Robert’s Genre Club
A major new retrospective on the Western film genre, with screenings of seven classic movies alongside a six week course led by Robert Senior.
The western was the dominant American film genre from the silent era to the outbreak of World War II as Americans reflected on their recent past and especially the pioneering years of the latter half of the 19th century. Westerns explored this narrative and its colourful characters but also mythologised its true history, focusing on rugged heroic individuals and their triumph over adversity. After the war westerns became more complex, exploring psychologically damaged characters, new approaches to the treatment of the native Indian, gender issues, and the friction between individual values and the community. In the 1960s the emergence of Italian spaghetti western and revisionist American westerns brought a new surge in popularity, and despite the subsequent decline great westerns continue to be made to this day.
A classic Western of the silent era, The Winning of Barbara Worth (Henry King, 1926) is a rousing adventure featuring a young Gary Cooper and a climactic flood sequence. The lean and powerful High Noon (Fred Zinnemann, 1952) explores themes of courage and betrayal in response to the McCarthy era, while John Ford’s seminal and beautiful western The Searchers (1956) depicted the epic landscapes of the American west and the psychological issues of John Wayne’s flawed hero. After a spate of anti-westerns, John Wayne responded defiantly with the brilliantly constructed and highly entertaining Rio Bravo (Howard Hawks, 1959).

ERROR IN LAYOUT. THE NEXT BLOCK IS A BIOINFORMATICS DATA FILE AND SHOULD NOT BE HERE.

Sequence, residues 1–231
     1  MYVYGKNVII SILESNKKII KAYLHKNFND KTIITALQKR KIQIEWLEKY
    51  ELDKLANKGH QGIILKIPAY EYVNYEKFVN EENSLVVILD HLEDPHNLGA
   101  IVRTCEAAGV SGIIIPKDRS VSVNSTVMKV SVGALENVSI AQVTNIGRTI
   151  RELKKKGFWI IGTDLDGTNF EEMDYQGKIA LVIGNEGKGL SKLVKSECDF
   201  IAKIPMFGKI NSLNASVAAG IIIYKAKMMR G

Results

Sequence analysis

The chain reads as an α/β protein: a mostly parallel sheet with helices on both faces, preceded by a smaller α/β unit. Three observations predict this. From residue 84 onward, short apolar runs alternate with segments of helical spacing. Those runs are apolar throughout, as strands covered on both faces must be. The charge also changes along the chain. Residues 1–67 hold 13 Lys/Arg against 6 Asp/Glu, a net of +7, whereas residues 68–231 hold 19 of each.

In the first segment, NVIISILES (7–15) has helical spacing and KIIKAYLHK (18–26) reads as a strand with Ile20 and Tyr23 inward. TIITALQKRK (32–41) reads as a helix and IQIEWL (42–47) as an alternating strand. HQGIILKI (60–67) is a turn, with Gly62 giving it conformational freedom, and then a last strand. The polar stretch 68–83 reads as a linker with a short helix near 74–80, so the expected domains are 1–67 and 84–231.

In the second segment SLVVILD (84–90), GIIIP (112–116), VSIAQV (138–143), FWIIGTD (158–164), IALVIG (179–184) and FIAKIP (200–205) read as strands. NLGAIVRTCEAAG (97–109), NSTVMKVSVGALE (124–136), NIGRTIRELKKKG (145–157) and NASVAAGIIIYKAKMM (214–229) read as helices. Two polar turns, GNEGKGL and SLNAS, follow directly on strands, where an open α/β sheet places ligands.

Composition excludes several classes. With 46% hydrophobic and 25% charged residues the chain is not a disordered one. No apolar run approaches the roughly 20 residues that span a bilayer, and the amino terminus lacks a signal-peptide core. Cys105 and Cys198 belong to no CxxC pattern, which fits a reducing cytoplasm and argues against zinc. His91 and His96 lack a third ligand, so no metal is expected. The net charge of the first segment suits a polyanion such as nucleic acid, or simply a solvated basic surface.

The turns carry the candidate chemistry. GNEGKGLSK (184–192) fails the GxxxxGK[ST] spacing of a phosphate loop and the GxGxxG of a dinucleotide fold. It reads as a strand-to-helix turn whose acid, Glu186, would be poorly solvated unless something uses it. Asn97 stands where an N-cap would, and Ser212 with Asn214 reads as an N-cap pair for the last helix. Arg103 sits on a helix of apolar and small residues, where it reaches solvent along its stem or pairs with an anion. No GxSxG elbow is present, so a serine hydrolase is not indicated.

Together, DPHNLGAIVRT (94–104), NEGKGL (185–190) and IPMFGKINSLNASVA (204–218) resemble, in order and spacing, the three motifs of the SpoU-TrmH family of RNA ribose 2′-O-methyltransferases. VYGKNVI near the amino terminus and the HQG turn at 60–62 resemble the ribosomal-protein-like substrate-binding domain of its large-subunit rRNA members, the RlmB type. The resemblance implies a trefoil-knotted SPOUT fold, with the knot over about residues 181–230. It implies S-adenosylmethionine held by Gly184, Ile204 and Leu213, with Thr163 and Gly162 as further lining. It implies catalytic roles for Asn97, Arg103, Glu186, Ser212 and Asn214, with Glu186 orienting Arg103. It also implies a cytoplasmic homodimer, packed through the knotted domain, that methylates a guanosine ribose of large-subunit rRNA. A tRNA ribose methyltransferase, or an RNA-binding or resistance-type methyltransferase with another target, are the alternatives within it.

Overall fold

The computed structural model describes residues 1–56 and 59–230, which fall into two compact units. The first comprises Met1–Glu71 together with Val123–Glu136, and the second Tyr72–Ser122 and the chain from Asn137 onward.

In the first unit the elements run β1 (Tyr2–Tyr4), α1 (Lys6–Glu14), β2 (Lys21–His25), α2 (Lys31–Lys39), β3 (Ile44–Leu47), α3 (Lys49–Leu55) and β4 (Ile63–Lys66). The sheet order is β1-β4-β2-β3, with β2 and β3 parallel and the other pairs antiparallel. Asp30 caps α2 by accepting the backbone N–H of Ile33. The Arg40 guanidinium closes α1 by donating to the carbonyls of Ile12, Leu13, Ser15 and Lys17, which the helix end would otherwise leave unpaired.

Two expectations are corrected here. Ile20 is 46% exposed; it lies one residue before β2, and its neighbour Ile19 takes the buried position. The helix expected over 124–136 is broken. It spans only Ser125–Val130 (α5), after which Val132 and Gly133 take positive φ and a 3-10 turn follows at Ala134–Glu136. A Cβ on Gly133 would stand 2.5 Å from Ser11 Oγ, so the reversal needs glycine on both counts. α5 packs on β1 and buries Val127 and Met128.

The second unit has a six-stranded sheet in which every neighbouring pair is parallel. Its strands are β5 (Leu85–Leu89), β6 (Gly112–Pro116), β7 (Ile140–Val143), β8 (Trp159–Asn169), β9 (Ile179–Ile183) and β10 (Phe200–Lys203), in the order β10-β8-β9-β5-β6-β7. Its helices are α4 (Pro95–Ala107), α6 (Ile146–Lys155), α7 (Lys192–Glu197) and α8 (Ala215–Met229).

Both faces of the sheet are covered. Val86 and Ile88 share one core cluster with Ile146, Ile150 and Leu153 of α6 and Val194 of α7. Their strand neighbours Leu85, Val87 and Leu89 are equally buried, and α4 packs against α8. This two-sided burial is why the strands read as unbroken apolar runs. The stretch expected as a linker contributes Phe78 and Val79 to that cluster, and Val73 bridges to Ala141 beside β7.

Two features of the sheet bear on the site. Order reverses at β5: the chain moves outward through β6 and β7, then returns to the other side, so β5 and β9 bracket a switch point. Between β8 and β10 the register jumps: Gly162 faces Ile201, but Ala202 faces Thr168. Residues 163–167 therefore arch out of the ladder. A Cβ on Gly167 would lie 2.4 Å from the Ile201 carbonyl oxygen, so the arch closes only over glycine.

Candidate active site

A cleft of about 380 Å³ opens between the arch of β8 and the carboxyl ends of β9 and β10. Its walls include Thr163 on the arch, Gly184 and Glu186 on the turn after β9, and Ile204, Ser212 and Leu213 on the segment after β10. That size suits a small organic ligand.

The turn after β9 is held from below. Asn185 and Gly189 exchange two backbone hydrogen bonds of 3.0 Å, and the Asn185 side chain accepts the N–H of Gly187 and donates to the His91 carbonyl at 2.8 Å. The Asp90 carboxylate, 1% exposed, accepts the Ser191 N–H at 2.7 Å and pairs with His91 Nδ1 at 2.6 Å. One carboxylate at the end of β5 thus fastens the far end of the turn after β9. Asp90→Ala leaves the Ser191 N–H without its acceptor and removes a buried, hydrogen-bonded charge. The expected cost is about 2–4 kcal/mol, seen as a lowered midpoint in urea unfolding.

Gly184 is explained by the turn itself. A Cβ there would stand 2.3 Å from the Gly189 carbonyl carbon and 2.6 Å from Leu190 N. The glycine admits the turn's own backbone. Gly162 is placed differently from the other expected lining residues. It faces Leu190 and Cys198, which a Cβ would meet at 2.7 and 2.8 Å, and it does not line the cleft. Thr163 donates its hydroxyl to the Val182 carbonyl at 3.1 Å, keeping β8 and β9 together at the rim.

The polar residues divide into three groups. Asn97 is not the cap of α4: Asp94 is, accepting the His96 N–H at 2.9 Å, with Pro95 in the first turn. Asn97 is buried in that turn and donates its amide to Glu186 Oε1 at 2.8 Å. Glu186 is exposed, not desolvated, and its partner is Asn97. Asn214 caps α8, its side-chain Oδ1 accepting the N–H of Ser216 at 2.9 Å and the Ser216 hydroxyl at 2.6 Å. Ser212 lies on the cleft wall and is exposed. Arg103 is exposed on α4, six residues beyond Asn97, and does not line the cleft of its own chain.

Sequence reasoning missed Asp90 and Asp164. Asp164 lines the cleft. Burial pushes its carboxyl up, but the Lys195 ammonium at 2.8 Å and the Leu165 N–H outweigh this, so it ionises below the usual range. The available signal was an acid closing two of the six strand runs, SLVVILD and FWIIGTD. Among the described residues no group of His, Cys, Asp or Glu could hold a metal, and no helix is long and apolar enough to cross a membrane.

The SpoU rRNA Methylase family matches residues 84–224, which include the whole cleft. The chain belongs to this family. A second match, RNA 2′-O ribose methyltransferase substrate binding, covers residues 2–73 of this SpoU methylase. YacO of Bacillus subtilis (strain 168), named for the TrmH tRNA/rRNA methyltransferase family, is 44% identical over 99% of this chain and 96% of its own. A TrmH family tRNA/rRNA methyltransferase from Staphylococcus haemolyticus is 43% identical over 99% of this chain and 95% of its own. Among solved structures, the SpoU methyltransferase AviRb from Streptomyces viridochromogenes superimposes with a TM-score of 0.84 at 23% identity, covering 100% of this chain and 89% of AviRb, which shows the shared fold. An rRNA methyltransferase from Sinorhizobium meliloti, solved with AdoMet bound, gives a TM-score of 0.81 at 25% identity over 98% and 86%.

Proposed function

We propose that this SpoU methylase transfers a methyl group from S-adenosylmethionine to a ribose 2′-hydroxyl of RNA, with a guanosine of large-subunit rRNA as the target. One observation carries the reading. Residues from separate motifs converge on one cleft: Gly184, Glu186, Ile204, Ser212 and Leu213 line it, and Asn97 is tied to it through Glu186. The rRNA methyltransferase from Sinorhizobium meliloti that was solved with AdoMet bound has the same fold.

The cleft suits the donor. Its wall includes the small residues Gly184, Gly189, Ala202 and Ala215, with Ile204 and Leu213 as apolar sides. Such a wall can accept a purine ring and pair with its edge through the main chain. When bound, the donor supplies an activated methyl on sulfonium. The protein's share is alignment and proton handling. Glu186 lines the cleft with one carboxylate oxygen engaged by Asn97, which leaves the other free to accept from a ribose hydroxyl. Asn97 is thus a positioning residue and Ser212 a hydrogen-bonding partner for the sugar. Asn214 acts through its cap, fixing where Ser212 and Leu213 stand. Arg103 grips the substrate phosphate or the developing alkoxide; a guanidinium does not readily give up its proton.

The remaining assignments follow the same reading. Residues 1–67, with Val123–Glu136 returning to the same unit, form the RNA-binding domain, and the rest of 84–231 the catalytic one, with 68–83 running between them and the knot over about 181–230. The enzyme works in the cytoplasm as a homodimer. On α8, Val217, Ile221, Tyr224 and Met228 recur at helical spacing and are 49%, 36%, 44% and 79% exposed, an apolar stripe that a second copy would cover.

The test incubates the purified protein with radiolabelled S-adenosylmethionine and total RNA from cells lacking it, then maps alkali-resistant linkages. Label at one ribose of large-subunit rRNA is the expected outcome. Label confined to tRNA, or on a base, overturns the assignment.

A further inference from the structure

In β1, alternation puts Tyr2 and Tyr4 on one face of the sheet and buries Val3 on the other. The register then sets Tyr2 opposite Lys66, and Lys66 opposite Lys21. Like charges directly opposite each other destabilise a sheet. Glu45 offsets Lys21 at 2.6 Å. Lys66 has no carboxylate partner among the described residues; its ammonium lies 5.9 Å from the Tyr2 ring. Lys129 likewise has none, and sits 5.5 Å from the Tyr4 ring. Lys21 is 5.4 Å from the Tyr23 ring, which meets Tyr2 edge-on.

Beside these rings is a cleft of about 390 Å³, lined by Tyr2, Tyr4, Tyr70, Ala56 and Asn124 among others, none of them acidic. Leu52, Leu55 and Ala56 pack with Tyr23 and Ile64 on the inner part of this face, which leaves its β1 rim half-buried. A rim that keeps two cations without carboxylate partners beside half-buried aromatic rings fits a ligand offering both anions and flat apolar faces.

With spaghetti westerns increasingly dominating the box office Hollywood responded with new approaches to the genre. The seminal movie was Sam Peckinpah’s visceral, violent masterpiece The Wild Bunch (1969), as westerns engaged with a Vietnam-era new realism and the emerging youth counter-culture of the 70s. Although the genre then went into decline Clint Eastwood and Kevin Costner continued to make great westerns, with Eastwood’s sombre and reflective Unforgiven (1992) emerging as one of the best westerns ever made. In a postmodern era, western classic themes have been updated with the emergence of the neo-western, with Cormac McCarthy’s contemporary Tex-Mex thriller No Country for Old Men (Joel and Ethan Coen, 2007) arguably the best, substituting dangerous hitmen for traditional western adversaries.
All films will be introduced by Robert Senior whose Genre Film Club accompanies the screenings. Tickets for the club include the screenings for free or you can just book individual films.
Over six sessions he will explore the origins of the western genre: its themes and meanings; its social, political, gender and ethnic aspects; and the most famous films and directors. Each session will feature film clips and discussion.
The sessions are on Tuesday evenings from Jan 28 – March 10 (excluding Feb 18) from 19:00 to 20:30.